Having a Gluten Free Preschooler

April 2, 2016Living Freely Gluten Free

When my Son started preschool it gave me anxiety. One of the first questions I would ask the teacher’s I interviewed is what food allergies they have dealt with and how they went about dealing with them. No one I interviewed had dealt with gluten. Peanuts and milk were the main allergies most of them had seen. Of course, I offered to always supply his snacks to just make sure that he would be safe.

His preschool graduation! Wow, that went fast!!

One of the things I always worried about was him feeling left out from the other snacks. His teacher would like to hand out a small candy treat such as a skittle or m&m for answering correctly. I offered a chocolate chip suggestion (we are also dye free for behavioral and other reasons). She liked my idea and started to use that.

I am blessed enough, that she started going clean herself and looking into food preservatives and unnecissary ingredients and not wanting the kids to eat them. She now provides his snacks, but in the beginning every month I would supply her with his snacks.

At first I made a snack bag with various items. This included dry cereal, Annies crackers, any GF cracker we had on hand, GF cookies, fruit snacks, pirates booty, and pretzels. After she got comfortable with his safe foods she began to provide the safe foods for him. I know, not all teachers are this amazing and I am so greatfull for her!! I would also like to add that it is a small in-home preschool. She converted her garage into a classroom and there are usually less than 10 students in attendance and her Mom, “Nana” is also a teacher. It is a family style vibe and the children are loved and cared for but expected to follow the rules. She teaches exactly how I parent, and it is perfect.

If your school isn’t willing to purchase the snacks some of the things I would reccomend having on hand would be: Pirates Booty, GF Pretzels, GF Annie’s Bunny Cookies, Fruit Snacks, Fruit Strips, Honest or organic juice boxes, GF Crackers and maybe some dry cereals that your kids enjoy. Usually all fruits and veggies that are provided are safe.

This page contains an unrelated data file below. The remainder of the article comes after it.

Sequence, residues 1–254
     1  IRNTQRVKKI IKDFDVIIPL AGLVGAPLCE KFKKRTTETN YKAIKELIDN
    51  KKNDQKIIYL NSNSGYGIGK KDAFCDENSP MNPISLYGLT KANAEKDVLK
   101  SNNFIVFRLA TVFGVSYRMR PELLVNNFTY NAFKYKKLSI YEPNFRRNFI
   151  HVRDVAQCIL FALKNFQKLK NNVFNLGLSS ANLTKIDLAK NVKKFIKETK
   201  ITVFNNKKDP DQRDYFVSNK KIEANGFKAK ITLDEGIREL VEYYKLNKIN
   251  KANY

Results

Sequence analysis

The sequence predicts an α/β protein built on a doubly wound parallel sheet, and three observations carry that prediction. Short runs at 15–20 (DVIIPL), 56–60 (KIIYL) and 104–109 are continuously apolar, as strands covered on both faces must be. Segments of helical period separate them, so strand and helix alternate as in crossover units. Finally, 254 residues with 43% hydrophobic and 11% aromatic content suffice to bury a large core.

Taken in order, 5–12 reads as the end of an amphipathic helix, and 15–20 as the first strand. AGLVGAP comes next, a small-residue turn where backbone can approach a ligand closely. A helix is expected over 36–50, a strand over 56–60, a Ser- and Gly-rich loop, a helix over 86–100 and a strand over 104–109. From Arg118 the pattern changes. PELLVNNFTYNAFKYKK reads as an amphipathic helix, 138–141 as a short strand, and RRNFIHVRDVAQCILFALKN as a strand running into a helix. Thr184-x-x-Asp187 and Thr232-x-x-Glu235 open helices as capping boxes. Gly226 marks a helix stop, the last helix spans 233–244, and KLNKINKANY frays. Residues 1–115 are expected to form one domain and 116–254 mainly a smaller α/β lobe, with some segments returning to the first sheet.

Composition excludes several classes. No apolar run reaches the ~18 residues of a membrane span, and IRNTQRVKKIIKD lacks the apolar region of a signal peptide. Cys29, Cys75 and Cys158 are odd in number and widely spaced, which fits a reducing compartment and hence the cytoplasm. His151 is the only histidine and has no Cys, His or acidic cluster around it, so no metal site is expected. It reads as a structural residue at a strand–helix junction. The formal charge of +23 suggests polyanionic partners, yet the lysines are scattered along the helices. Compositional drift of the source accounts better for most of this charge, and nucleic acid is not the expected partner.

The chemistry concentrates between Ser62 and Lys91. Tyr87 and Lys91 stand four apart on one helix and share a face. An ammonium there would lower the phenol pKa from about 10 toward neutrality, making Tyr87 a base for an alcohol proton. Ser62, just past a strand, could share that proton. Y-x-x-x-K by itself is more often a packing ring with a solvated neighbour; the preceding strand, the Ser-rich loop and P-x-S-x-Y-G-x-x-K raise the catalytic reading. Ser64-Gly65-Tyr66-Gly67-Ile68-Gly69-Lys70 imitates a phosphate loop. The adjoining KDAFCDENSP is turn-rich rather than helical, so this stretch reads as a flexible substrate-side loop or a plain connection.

How about dealing with all of the other treats that might come along?
My teacher is so amazing that she lets me know in advance of birthdays or celebrations so that I can plan ahead and bring his food. If someone brings something with no warning she texts me immediatly and I spring into action. I do my best to bring something similar to what the other kids are having. If I can not provide the exact same thing I do try to have a few extra’s of whatever my son is having just in case the other kids see his treat and “want what he has”. I don’t want him to feel let out or outcasted, so we love to share.

Trader Joe’s sells a 4 pack of cupcakes for $3.99! I try to always keep these in the freezer to pull out for a birthday. When there is a school party and the teacher has sign ups for the food I try to sign up for the glutenous item or whatever item would be his favorite and I know it is what he will choose. If frozen pizzas are on the list I have often made enough mini pizzas for the entire class. If cupcakes are on the list- I sign up for them.

Accidents can happen, no one is perfect but educating your teacher and your child are key to making this an easy transition. My Son never accepts something for anyone unless he is told it is gluten free or I am offering it to him. He automatically says, “I can’t have that, it will make me sick.” He also thinks that others can’t eat gluten free because it will make them sick. He is only 4 so he will get it eventually. He also role plays with food and toys and gluten free is always a topic of conversation. It is really cute. It is also a good way to practice with them about being gluten free and others offering them glutenous food.

Update- Once we moved from California to Washington state we were not as lucky. At his summer camp he decided to partake in the regular snacks. It got by the aid who was passing them out and this went on for almost 2 weeks. You read that post Here

When he started kindergarten I also got a teacher that wasn’t incredibly familiar with gluten allergies. we dealt with cross contamination issues and she would feed him snacks labeled gluten free but not what I sent. That made me nervous as one of those snacks was cheerios and we can not eat them. I also wasn’t aware of birthday parties or special events, so bringing in a similar treat was close to impossible. I had some stored in the school freezer, but communication was an issue. I did have to finally e-mail the teacher and stress the severity. After that things got a little better, but kindergarten was not easy.

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